The issue of cleaning up abandoned wells in the National Petroleum Reserve-Alaska is coming before a U.S. Senate committee.
The Senate Energy and Natural Resources Committee has scheduled a hearing on the matter Thursday. Sen. Lisa Murkowski is a member of the panel.
The so-called legacy wells were drilled under the federal government’s direction as part of an exploratory oil and gas program between 1944 and 1981. They are currently managed by the U.S. Bureau of Land Management.
BLM-Alaska has been working with the Alaska Oil and Gas Conservation Commission to prioritize the plugging and reclamation of well sites. A single project can cost millions of dollars in large part due to mobilization costs. BLM-Alaska gets about $1 million a year to manage legacy wells.
- Superior Court Judge Philip Pallenberg heard oral arguments in a lawsuit on the issue. He said he’ll try to reach a decision as quickly as he can.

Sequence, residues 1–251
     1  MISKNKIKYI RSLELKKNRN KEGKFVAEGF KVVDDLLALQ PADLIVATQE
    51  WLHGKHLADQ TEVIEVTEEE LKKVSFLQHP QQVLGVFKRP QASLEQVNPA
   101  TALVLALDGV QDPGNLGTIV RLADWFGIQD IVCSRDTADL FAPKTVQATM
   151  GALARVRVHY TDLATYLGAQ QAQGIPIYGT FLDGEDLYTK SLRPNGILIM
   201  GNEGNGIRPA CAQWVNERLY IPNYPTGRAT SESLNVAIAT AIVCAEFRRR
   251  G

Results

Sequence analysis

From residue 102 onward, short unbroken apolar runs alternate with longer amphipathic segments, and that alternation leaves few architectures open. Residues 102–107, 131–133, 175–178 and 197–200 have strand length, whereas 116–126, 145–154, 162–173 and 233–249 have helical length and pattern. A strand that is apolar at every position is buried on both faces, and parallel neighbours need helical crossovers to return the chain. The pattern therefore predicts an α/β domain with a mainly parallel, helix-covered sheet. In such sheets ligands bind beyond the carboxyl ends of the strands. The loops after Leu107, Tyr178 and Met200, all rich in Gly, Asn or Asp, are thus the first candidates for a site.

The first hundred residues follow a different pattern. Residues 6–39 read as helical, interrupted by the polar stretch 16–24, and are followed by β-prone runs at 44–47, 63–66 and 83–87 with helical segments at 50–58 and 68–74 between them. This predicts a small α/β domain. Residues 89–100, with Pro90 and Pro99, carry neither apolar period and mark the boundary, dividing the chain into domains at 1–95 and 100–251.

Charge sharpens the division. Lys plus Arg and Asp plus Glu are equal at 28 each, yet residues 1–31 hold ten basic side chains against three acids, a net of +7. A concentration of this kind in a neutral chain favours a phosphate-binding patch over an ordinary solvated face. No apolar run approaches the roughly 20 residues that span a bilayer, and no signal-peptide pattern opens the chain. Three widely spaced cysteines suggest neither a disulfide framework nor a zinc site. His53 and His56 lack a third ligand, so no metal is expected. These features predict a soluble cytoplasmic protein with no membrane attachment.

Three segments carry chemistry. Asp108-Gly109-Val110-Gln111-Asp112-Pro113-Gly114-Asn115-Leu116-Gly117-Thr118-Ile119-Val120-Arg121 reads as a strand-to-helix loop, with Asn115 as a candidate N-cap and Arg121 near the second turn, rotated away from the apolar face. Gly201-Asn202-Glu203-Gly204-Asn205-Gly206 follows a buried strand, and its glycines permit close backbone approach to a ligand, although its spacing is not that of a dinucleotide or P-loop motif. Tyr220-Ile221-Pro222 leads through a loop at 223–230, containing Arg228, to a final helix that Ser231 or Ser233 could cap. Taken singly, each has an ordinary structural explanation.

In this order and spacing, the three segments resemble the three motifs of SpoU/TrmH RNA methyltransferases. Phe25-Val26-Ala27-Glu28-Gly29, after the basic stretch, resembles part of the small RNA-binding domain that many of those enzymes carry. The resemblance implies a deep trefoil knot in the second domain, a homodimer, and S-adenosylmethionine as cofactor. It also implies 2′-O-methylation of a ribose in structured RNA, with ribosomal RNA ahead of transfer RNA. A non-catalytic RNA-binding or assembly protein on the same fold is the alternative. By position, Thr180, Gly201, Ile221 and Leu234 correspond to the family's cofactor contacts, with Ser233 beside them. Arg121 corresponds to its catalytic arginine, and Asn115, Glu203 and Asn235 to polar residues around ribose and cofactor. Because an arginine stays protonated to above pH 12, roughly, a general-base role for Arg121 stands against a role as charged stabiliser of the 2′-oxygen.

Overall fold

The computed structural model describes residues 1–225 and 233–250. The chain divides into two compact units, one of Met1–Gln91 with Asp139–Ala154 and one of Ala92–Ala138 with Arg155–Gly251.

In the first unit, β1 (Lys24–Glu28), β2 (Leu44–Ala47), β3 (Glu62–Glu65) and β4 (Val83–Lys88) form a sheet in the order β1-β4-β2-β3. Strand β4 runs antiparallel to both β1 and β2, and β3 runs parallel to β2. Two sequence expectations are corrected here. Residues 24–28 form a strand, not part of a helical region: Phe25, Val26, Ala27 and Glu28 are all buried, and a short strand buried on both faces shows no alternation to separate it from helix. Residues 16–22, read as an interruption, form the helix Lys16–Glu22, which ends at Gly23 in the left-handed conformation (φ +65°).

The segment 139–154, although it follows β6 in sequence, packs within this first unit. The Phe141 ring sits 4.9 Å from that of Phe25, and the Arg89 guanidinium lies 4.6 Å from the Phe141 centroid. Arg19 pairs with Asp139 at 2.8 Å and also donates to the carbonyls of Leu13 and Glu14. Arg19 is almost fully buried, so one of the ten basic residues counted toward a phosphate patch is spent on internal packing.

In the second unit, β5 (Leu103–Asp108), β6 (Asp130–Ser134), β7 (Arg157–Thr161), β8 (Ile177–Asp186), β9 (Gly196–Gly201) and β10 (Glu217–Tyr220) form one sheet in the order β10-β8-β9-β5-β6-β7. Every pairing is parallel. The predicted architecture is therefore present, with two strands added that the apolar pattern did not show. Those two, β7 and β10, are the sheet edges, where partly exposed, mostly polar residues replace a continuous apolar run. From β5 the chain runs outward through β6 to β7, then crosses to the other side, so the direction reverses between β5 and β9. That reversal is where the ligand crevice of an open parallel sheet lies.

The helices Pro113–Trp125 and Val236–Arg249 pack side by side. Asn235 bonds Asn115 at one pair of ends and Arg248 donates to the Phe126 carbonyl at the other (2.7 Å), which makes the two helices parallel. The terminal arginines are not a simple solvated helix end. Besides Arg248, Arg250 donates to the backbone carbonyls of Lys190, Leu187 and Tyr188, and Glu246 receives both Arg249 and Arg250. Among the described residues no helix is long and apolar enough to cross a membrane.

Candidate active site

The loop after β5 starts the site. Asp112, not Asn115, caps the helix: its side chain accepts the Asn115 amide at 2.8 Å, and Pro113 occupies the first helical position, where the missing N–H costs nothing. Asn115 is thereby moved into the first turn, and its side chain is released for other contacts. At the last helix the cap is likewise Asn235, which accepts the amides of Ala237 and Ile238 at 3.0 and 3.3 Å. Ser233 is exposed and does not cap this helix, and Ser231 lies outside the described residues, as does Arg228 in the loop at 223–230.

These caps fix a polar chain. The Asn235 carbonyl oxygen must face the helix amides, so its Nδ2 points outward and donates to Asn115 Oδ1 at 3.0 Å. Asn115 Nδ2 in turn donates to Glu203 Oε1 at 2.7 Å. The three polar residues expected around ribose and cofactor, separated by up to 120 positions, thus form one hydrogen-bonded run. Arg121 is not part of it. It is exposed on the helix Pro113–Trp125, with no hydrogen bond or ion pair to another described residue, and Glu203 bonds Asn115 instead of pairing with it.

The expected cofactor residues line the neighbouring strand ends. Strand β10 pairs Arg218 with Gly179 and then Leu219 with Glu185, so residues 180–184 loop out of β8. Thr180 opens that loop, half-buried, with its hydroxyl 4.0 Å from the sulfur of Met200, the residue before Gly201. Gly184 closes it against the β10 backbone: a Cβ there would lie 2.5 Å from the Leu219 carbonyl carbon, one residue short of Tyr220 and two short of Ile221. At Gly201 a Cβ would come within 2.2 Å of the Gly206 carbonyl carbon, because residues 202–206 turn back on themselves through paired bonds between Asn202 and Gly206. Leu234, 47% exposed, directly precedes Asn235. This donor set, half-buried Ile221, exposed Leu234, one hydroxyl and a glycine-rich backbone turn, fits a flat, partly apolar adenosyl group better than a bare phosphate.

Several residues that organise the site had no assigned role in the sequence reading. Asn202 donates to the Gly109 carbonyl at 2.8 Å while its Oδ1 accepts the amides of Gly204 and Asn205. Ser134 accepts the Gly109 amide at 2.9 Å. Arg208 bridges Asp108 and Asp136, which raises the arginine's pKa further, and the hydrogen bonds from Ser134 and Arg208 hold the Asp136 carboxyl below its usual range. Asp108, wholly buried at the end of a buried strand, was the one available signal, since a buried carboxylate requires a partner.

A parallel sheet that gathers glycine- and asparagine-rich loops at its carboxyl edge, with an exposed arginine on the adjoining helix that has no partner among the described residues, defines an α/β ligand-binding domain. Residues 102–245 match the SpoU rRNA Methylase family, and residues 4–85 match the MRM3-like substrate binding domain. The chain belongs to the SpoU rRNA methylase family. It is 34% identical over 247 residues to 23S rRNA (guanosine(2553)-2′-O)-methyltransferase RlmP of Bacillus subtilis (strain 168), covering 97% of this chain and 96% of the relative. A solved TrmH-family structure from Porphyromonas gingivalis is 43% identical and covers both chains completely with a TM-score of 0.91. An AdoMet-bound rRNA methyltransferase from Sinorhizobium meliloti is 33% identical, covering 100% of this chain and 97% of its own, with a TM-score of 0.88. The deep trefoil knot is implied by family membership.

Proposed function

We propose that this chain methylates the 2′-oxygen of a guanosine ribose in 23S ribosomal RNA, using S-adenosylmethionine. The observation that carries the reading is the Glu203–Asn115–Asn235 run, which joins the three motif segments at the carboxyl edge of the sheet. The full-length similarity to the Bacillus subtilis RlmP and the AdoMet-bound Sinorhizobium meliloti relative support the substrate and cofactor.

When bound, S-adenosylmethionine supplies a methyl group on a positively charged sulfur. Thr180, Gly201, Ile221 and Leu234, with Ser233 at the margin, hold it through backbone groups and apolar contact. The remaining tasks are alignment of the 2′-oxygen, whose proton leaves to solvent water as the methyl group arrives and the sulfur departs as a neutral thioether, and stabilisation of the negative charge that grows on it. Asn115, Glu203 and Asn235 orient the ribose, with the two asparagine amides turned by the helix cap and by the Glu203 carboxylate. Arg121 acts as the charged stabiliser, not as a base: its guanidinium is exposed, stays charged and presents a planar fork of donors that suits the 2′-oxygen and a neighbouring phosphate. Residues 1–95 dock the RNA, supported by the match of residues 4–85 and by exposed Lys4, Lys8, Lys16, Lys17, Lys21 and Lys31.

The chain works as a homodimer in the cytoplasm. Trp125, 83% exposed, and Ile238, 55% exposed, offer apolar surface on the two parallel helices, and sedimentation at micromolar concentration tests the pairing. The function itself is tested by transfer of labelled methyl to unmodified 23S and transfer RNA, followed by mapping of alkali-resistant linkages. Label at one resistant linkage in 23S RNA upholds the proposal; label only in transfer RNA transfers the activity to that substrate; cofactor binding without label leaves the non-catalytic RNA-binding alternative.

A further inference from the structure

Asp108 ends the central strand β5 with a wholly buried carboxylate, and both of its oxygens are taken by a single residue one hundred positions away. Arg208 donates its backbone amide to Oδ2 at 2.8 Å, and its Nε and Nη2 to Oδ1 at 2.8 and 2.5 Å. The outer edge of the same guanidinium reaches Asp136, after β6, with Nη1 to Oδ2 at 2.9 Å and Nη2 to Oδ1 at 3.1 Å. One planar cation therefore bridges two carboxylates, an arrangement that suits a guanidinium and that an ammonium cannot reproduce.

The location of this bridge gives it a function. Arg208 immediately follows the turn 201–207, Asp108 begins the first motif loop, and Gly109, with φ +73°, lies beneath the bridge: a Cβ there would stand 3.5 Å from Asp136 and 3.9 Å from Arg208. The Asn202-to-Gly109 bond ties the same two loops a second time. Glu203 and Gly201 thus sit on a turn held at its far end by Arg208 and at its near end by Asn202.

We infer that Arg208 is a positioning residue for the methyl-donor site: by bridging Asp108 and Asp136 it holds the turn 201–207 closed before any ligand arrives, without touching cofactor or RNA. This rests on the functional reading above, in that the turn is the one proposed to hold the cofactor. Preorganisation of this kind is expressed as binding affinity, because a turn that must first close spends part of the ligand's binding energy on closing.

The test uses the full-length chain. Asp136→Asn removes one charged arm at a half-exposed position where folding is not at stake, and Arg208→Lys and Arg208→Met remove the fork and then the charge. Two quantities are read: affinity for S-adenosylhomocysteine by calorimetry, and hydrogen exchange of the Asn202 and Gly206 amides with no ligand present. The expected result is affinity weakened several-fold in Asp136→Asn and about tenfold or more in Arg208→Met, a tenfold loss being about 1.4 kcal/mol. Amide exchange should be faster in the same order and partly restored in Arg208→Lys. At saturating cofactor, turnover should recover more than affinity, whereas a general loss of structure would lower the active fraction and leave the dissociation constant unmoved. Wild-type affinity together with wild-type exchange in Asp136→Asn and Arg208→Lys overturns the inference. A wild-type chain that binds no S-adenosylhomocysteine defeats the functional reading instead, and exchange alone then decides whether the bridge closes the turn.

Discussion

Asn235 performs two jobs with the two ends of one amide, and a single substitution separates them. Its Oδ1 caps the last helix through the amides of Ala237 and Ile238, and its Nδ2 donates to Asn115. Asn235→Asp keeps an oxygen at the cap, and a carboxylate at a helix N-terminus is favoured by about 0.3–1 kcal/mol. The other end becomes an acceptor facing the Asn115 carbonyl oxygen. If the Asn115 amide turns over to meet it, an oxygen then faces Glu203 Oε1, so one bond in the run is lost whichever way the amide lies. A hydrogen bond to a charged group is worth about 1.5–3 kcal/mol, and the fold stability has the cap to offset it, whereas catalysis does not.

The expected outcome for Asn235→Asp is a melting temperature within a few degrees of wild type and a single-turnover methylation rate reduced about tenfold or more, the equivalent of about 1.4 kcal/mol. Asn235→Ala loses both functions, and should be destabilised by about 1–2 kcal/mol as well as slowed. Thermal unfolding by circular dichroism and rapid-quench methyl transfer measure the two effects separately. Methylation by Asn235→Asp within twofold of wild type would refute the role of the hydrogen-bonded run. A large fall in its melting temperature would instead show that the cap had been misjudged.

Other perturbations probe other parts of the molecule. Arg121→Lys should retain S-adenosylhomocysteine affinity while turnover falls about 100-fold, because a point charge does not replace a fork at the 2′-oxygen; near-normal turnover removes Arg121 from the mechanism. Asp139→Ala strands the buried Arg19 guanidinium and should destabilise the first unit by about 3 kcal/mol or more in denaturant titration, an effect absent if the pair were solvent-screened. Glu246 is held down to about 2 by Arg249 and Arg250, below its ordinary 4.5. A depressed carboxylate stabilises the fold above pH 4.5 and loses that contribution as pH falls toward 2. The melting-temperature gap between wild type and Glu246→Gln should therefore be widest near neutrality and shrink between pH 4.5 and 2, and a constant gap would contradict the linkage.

- Walker said he has spoken several times with U.S. Sen. Lisa Murkowski, whose vote could help determine the bill’s fate.
- State transportation crews are removing political campaign signs along state rights-of-way. Alaska law largely forbids signs anywhere visible from the roadway.
- The University of Alaska is offering up 400 acres of its Haines-area land for timber harvest. The timing of the university’s decision was motivated by a conversation happening at the local level. The Haines Planning Commission is considering whether to restrict resource extraction in the Mud Bay area.